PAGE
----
How did they shut down the TMI-2 reactor?

  • #1
If most of the fuel assembly was melted (as shown in the below image) in the three mile island reactor #2, how were they able to insert the control rods? I would imagine the channels in which the rods are inserted through would have bee severely malformed, thus making it impossible to insert the rods all the way.

Are there other ways of permanently shutting down and cooling a nuclear reactor without using the boron control rods, and even if most of the core has been melted?

Off-topic, but is the ruined reactor at the TMI plant still inside it's containment vessel, or did they remove and replace it with another reactor?

http://www.inl.gov/threemileisland/i/core-damage.gif
 

Answers and Replies

  • #2
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At TMI the reactor was scrammed before the core overheated, so there was no problem inserting the control rods.

In general, if you have an accident where the water is removed from the core (like a large pipe break), the fission reaction stops because the water is required (it slows the neutrons, making the reaction possible). The overheating can occur because of the decay heat from the fission products produced during plant operation. This decay heat continues to be produced, though it decreases exponentially with time.

The damaged core at TMI was removed from the site many years ago.
 
  • #3
QuantumPion
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Are there other ways of permanently shutting down and cooling a nuclear reactor without using the boron control rods, and even if most of the core has been melted?
Yes, you dump a bunch of boron in the reactor. At Fukushima they are adding borated seawater to cool the reactor and ensure it remains very subcritical, even if damaged.
 
  • #4
Drakkith
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The Three Mile Island incident, just like the one they are currently battling in Japan, was due to decay heat from waste products of the reaction. In both cases the reactors were all shutdown successfully by inserting control rods. However, the waste products are much more radioactive than the fuel itself is, and just by themselves will produce heat. The TMI incident happened because coolant was unable to flow into the core and cool it after the core shut down. They are trying to avoid a similar situation in Japan.
 
  • #5
The Three Mile Island incident, just like the one they are currently battling in Japan, was due to decay heat from waste products of the reaction. In both cases the reactors were all shutdown successfully by inserting control rods. However, the waste products are much more radioactive than the fuel itself is, and just by themselves will produce heat. The TMI incident happened because coolant was unable to flow into the core and cool it after the core shut down. They are trying to avoid a similar situation in Japan.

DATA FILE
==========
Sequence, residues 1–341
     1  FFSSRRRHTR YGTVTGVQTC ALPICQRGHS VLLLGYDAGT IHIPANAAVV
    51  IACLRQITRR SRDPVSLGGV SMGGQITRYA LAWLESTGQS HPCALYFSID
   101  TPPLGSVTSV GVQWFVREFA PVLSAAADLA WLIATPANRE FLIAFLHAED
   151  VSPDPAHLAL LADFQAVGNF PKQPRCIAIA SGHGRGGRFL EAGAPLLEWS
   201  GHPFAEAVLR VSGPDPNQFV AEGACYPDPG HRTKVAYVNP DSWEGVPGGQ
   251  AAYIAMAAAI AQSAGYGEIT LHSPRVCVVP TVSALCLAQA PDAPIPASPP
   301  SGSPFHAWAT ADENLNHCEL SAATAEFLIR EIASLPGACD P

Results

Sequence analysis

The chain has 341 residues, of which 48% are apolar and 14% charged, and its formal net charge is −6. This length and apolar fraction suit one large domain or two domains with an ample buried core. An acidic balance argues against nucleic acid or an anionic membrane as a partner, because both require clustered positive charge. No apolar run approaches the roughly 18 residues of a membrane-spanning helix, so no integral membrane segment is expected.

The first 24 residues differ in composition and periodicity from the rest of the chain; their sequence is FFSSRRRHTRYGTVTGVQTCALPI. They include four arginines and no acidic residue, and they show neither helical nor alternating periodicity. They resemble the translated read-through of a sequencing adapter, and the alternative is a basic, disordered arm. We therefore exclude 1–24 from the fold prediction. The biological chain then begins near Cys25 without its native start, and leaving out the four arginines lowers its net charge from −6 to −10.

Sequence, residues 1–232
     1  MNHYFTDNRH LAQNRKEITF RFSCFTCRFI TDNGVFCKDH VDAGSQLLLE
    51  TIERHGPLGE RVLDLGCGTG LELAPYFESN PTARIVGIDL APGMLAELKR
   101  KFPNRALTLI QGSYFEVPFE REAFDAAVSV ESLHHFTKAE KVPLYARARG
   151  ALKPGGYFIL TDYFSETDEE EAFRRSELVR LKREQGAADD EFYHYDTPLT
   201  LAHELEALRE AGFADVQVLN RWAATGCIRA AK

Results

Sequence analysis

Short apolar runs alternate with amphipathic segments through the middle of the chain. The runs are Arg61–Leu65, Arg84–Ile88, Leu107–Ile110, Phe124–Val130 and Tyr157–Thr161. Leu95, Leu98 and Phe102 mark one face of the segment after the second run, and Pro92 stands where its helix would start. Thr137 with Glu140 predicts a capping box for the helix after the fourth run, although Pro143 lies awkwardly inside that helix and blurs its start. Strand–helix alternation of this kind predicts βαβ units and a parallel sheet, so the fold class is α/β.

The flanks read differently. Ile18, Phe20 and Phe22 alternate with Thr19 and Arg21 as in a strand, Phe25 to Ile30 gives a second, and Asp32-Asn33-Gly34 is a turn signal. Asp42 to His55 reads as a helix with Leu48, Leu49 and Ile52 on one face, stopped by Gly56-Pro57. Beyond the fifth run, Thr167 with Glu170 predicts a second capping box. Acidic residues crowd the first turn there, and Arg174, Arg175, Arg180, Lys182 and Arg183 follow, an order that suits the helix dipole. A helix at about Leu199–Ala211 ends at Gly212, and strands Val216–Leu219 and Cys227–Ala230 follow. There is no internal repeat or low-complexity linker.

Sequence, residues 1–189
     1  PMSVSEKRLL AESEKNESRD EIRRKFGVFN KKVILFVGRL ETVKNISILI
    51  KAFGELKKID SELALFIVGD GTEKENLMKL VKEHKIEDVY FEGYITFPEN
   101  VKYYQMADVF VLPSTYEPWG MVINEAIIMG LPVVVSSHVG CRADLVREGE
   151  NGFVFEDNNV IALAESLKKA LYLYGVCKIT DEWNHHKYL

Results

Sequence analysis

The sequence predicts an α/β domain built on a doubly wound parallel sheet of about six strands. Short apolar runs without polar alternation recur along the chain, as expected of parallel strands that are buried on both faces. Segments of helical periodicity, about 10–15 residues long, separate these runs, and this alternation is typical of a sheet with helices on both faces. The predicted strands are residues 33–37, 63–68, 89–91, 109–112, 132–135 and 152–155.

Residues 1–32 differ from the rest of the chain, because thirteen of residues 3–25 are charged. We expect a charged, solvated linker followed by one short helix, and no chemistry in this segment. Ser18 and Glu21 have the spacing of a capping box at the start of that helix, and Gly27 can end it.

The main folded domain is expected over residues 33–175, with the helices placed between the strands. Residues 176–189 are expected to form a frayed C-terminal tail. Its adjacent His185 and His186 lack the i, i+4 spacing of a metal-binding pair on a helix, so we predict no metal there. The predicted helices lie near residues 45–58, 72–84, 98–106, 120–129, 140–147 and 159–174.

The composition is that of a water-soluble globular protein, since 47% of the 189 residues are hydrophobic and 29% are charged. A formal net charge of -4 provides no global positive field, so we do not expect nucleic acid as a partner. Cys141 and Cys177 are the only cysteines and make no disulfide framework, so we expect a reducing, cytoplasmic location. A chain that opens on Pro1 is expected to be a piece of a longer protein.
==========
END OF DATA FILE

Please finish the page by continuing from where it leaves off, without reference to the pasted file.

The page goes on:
So I guess it's just about trying to get water to the core by any means possible..

Is there any structure beneath the reactor vessel to catch the molten fuel if it burns it's way through the bottom of the reactor? Perhaps made from a material which will resist the white-hot 5,000+ degree heat from the molten fuel? So it won't burn it's way through the Earth and into the ground water creating "the china syndrome?"
 
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  • #6
Drakkith
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The core is contained in the reactor vessel which is located in a concrete building I believe. I don't know the details though. I'm pretty sure there is something beneath it.
 
  • #7
The core is contained in the reactor vessel which is located in a concrete building I believe. I don't know the details though. I'm pretty sure there is something beneath it.
Roughly eight feet worth of reinforced steel and concrete. Apparently the containment structure in one of the reactor buildings was badly damaged. I thought these structures were designed to withstand almost anything.
 
  • #8
Drakkith
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Roughly eight feet worth of reinforced steel and concrete. Apparently the containment structure in one of the reactor buildings was badly damaged. I thought these structures were designed to withstand almost anything.
Looks like it withstood the whole thing pretty well to me, given the circumstances.

And honestly, there is a limit to what they can withstand.
 
  • #9
Looks like it withstood the whole thing pretty well to me, given the circumstances.

And honestly, there is a limit to what they can withstand.
Do you think the reactor vessel itself in the below image which appears to have been devastated by an explosion (the one with smoke pouring out of it) has been comprimised?

alg_fukushima-reactor-number-4.jpg
 
  • #10